PECG Media Briefing

June 21, 2018

Bay Area: What happens if the gas tax is repealed?Mercury New
From Oakland to San Jose, pavement crews are already at work repairing roads and tackling long-deferred maintenance. All the work is partially funded by Senate Bill 1, but now, with polling showing more than half of California voters would repeal those taxes and fees, it’s looking more likely that many of the newly funded projects are at risk of being delayed or eliminated.

Group calls Caltrans freeway signs political adsABC10 / KGTV
Government transparency, or a sign with a subtle political agenda? Department of Transportation officials say the former. Those trying to repeal Senate Bill 1 contend the latter. The subject of the debate: new Caltrans signs popping up along San Diego’s freeways near projects funded by SB 1.

Should Jerry Brown’s Delta Tunnels be immune from judicial review? OC water district votesRed, Green and Blue

The Municipal Water District of Orange County Public Affairs & Legislation Committee voted 3 to 0 Monday to support a resolution backing a rider banning the judicial review of lawsuits against the  Delta Tunnels project. The resolution will go before the District’s Board of Directors today.

Authorities investigate viral video of boulder causing slope damage at Emerald BayNews 4

The Tahoe Planning Agency and Caltrans are investigating a Facebook video that appears to show a highway contractor allowing a boulder to roll down a slope and cause environmental damage at Emerald Bay near South Lake Tahoe.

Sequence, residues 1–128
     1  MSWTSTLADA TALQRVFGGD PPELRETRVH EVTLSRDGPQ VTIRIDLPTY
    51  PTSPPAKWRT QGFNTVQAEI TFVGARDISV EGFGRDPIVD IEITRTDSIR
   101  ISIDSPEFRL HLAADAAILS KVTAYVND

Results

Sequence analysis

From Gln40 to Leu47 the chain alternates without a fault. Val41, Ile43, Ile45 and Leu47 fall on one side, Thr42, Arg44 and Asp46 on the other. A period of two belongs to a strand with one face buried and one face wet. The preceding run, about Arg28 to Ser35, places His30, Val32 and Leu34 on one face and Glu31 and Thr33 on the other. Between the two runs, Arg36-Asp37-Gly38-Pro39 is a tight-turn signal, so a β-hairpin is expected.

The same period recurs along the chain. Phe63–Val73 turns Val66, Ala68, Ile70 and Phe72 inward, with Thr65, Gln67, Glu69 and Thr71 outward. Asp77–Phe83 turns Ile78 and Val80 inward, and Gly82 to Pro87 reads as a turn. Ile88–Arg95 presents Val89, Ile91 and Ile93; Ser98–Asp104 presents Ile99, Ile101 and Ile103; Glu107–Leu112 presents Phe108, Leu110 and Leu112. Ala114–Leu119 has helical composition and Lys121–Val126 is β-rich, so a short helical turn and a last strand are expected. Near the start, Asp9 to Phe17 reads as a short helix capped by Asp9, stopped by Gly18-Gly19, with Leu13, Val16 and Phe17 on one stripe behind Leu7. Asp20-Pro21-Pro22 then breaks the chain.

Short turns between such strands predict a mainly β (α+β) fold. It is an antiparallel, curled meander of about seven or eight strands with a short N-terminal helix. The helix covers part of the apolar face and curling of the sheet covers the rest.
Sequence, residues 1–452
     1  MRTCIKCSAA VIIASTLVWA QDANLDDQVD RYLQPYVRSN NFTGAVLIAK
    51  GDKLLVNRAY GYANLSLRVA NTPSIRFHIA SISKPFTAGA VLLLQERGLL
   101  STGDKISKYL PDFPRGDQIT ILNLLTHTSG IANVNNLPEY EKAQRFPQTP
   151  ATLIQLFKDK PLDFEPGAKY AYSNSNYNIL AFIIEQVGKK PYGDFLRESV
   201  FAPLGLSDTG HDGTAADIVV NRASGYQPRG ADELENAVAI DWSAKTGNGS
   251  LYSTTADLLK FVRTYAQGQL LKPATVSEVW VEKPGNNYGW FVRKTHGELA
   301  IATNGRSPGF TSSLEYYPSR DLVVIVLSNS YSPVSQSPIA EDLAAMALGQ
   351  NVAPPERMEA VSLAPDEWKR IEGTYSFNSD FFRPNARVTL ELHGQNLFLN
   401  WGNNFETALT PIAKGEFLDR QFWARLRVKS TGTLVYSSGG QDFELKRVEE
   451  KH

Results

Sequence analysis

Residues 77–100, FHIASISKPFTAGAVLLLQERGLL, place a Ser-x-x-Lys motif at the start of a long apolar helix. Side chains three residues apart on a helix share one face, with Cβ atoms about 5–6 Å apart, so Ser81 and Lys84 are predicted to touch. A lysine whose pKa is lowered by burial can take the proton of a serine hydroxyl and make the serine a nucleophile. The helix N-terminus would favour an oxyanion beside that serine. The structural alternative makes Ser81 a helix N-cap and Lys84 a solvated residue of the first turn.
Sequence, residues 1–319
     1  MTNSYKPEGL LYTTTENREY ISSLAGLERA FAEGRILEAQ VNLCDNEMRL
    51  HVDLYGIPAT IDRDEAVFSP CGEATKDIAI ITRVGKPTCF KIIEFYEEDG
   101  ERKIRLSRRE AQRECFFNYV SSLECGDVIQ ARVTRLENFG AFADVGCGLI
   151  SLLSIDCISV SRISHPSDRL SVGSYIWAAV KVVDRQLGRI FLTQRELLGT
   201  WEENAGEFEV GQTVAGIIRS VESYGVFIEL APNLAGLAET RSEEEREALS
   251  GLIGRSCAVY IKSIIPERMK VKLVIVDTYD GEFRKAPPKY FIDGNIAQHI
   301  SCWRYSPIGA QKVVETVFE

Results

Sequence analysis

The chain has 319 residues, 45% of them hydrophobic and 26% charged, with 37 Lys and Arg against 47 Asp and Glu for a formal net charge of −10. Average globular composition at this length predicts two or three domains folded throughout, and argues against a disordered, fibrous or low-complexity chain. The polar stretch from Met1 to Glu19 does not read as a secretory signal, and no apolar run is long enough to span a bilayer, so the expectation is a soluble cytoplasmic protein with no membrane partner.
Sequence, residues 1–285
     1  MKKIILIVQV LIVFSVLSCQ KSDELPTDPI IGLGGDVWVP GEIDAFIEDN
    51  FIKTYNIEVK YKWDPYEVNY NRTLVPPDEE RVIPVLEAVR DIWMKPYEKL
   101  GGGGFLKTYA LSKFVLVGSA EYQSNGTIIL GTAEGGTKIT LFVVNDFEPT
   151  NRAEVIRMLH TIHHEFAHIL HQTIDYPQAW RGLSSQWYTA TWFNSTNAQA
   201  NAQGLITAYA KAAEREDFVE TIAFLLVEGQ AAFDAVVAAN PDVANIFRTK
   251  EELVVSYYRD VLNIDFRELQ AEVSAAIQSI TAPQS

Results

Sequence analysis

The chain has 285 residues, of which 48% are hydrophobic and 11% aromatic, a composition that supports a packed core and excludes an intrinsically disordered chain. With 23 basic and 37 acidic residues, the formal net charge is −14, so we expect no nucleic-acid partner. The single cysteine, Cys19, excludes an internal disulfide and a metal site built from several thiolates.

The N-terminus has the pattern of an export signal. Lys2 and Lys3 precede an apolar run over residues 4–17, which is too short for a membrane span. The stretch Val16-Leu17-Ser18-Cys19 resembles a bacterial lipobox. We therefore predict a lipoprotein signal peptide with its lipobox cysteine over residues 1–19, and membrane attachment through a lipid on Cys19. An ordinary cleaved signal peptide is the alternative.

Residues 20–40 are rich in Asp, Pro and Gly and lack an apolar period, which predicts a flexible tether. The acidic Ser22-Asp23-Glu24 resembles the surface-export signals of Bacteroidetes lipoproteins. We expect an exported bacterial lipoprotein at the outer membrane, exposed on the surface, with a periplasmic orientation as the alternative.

Three Caltrans Projects honored in national transportation competitionLake County News
Three Caltrans projects received top honors this week from the American Association of State Highway and Transportation Officials. The 11th annual America’s Transportation Awards competition recognizes transportation projects in three categories: Quality of Life/Community Development, Best Use of Technology and Innovation and Operations Excellence.

June 18, 2018

DWR raising standards, adding staff in response to Oroville Dam spillway reportChico Enterprise Record
The state Department of Water Resources has beefed up its response to the independent forensic report on what caused the Oroville Dam spillway failure last year. A revised dam safety policy, which will “further define roles and responsibilities” of the executive-level engineer, the chief dam safety engineer and other related State Water Project divisions, should be released by the end of the year.

Senators insist on judicial review of California water tunnels project E&E News
California’s two Democratic senators have committed themselves to opposing a controversial House provision that would block judicial review of the state’s WaterFix tunnel project. While backstage discussions have occurred, opponents of the $17 billion tunnel project recognize the judicial review ban is all but certain to pass the House as part of a fiscal 2019 Interior and EPA appropriations bill.

With new bridge toll, Hwy. 101 project fully fundedArgus Courier
Money from the $4.5 billion measure is earmarked for Bay Area transportation projects including $120 million to widen Highway 101 from the Sonoma-Marin county line to Novato and $100 million to improve Highway 37, although officials are unclear on those projects’ timelines.

Audi CEO Arrested in Diesel Emissions Scandal – Washington Post
The Chief Executive of Audi, the luxury automaker owned by Volkswagen, was arrested Monday on suspicion of fraud in relation to the German car maker’s emissions-cheating scandal.